Bringing Chess to Visually Impaired People

The Gazette - February 2020

Sponsored by The Ulverscroft Foundation
Edited by Julie Leonard
The views expressed in the Gazette do not necessarily reflect the policies or views of the BCA, nor those of the editor.

David Welch 1945 - 2019

Many thanks to Peter Purland, who has kindly given permission for us to print the eulogy that he read at David’s funeral on the 6th of December:

David was born in Chesterfield on October 30th 1945, a good date! He was educated at Chesterfield Grammar School where he both played and organised chess which his father had taught him. After a successful career at school he moved on to Queen’s College Cambridge to study Physics. There he played for Queen’s at chess and, believe it or not, was a cox in the college eight. After four years at Cambridge he qualified with an MA and got a job at Liverpool College as junior physics teacher in the Upper School (current Year 9 and above). He started in September 1968 which was also when I started. I taught History and Sport, especially rugby and swimming, in the Lower School (Years 5-8) so at first we did not see a lot of each other. I had played chess at University and agreed to start some teams in the Lower School in 1969. I remember meeting Dave at “The Tram”, the staff pub, and we both mentioned that we would be able to drive the minibus after half term. It was then we found out we were both born on the same day – but in different countries. David was living in a College Flat in Croxteth Road and when Ann and I got engaged I was lucky enough to get the flat above Dave’s. Dave remained the owner of his flat until his death.

After a couple of years running school chess during which time Dave took over the Liverpool Junior Congress which had up to then been run by John Beech. Always a very large congress, in the year of the Fischer Spassky match he managed to top 2000 players which was the largest junior event in the world outside the Soviet Union. Players remember every nook and cranny of Paddington Comprehensive being filled with chess players. In a short time, David became a BCF Judge. He persuaded me to start doing adult congresses and I followed him down the path of International Arbiter and BCF Senior Arbiter. I remember Stewart Reuben saying that there would never be any law disputes when Liverpool College were playing! I am afraid I do not remember the exact dates when David moved up the arbiting ladder but he did become Chief Arbiter of the British Championships and also Chief Arbiter of the BCF (later ECF).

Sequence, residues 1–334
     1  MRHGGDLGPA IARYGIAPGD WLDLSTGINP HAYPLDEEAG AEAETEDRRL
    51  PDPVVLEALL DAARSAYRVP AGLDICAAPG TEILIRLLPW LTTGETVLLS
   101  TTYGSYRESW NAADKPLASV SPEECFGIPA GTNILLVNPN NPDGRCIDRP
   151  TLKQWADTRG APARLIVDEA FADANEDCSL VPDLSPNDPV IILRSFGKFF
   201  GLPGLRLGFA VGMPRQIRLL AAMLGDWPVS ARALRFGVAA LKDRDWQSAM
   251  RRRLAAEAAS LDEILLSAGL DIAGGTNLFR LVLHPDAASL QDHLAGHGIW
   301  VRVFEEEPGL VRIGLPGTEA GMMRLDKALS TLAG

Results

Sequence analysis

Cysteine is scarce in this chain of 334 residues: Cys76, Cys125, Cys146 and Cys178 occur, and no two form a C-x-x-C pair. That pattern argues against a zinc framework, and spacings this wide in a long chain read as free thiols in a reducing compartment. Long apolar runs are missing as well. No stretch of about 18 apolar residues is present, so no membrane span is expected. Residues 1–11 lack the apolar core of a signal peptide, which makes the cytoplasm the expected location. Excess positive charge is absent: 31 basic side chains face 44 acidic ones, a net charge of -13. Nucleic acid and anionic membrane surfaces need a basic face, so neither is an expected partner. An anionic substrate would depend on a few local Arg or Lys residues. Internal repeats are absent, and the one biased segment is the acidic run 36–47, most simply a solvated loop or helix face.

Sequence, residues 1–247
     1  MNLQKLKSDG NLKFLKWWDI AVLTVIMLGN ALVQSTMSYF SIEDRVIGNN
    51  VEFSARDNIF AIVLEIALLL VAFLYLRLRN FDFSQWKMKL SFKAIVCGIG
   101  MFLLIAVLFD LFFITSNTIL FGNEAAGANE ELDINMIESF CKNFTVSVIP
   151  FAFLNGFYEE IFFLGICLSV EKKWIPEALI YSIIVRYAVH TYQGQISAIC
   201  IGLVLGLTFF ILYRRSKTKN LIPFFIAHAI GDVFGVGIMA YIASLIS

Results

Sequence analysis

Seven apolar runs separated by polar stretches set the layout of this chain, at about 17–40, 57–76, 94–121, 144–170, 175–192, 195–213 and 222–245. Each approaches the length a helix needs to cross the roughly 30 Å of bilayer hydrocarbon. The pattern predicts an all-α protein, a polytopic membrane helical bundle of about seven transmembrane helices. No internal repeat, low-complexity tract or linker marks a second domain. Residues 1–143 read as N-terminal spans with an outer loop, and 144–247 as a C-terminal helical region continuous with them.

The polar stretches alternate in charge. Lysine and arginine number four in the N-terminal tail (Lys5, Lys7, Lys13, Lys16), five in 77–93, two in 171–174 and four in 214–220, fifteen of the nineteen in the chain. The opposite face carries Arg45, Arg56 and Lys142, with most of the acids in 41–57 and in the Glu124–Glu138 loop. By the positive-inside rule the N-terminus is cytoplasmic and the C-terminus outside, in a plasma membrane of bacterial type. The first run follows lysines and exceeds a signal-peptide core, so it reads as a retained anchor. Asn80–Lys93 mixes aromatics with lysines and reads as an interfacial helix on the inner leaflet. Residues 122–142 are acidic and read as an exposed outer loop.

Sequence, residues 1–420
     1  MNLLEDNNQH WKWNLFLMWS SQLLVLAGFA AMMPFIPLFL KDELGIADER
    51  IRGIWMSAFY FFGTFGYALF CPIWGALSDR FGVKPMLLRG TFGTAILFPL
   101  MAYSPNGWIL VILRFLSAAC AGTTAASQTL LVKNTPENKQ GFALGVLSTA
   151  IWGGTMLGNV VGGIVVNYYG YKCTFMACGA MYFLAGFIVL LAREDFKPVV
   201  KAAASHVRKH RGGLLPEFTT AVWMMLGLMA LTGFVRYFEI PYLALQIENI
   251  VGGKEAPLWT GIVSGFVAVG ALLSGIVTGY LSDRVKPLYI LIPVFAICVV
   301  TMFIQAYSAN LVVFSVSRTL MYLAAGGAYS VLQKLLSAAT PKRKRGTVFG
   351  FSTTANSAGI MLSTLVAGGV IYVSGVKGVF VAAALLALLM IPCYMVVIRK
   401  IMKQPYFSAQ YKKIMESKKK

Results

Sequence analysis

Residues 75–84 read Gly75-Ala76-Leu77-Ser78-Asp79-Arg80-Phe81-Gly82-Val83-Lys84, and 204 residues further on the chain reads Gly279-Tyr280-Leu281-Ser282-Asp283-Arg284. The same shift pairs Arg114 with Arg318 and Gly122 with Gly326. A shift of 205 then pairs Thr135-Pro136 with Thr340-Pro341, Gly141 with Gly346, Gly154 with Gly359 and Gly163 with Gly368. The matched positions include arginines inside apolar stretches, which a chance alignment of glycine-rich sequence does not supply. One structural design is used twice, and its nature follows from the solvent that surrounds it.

Dave became very involved with the scouts although by now in his 40s, and gave some marvellous experiences to very many young “Lerpoolians”. The respect with which he was held can be judged by the large number of ex 18th Picton scouts here.. For many years he was Group Scout Leader at successful camps both week and weekend. We also took school holidays, often to WWI and II battlefields. Dave did the finance and was very cheesed off when the Euro arrived as it made things far too easy!

Socially, we also started taking holidays together and travelled to Ethiopia, Libya, Jordan, Guatemala, Honduras, Crimea, Lithuania, Finland, Estonia, up the Hurtigruten, Romania, Bulgaria, Czech Republic and many other places. His interest in all these places was immense as was his background knowledge. I am convinced that once he had read or heard facts they were forever imprinted in his brain.

David retired due to ill health in 2000 but this did not stop him travelling or running chess events. He did go to Azerbaijan for the Olympiad and also took up hill walking in the Pennines with some chess friends. Both of us had been involved in chess at Gibraltar from the start of the tournament and visited over 65 times. Sadly, it was in Gibraltar in August 2017 that Dave suffered a severe stroke. He survived it but was left totally paralysed down the right side. He went into Arundel Park Care Home where his many friends visited him. Gradually his health deteriorated and on 7th November he was rushed to Royal Liverpool and passed away peacefully on Saturday 9th November.

He will be remembered as a true gentleman, polite, caring, hard-working and with an excellent brain. His contribution to English Chess has been immense and he will be sorely missed.

Gerry Walsh adds:

As an arbiter, David Welch always treated BCA members who took part in mainstream tournaments with consideration and respect. Therefore, he already had many friends in our association when he first joined us as an arbiter in 2012, at our 80th Anniversary tournament in Harrogate. His efficient and pleasant manner gained him still more friends among us and ensured that he was invited back to control many more BCA events!

David’s funeral took place on the 6th of December and was very well attended. The congregation of about 200 was probably equally divided between his school colleagues and his chess friends, including BCA members Matthew Carr, David Clayton and myself. The service began with the singing of the school hymn, and clearly his friends had not forgotten how to deliver such lovely Latin verses. Pete Purland’s eulogy reinforced our belief that Dave was a special friend to all he met and he will be missed by everyone.